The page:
Cold Welding of Gold and Silver Nanowires: A Molecular Dynamics Study
ZS Pereira and EZ da Silva, JOURNAL OF PHYSICAL CHEMISTRY C, 115, 22870-22876 (2011).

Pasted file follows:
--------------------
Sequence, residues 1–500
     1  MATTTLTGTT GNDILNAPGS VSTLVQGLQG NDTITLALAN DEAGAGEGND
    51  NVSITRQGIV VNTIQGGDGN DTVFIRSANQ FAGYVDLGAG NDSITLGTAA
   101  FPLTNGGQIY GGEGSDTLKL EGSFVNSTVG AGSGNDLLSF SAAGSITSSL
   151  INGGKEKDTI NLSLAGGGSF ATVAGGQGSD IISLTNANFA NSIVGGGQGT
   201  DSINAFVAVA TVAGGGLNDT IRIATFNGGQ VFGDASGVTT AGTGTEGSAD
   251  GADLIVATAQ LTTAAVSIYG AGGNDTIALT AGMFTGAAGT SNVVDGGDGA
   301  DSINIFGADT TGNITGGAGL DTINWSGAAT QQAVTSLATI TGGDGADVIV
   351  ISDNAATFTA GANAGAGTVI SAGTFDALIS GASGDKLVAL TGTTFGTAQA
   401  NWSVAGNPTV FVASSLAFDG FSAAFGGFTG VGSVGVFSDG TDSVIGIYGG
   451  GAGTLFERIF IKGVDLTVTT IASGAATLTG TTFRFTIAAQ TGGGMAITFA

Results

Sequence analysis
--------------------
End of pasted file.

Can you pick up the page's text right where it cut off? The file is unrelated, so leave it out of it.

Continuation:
Recently a new possibility of welding was experimentally shown in the case of gold nanowires (NWs) at ambient temperatures, without need of additional heat and with low pressures, called cold welding (Nat, Nanotechnol. 2010, 5, 218). Using molecular dynamics with effective potentials, we present the simulated cold welding of gold, silver, and silver-gold NWs with diameters of 4.3 nm at 300 K. We show the cold welding is a possible process in metal NWs and that these welded NWs, even after losing their crystalline structure after breaking, can reconstruct their face-centered cubic structure during the welding process with the result of very few defects for the final cold welded NWs. The stress tensor shows a low average value during welding with oscillations indicating tension and relaxation stages. Small pressures are required for the process to occur, resulting in a fairly perfect crystal structure for the final NW after being broken and welded. Cold welding is the result of nanoscale sample dimensions and mechanically assisted fast surface-atom diffusion. We also showed that the process occurs using different metals welded together and that the quality of the welding (resistance to rupture) of Ag-Au NW is good. Our results are in good agreement with the experiments.
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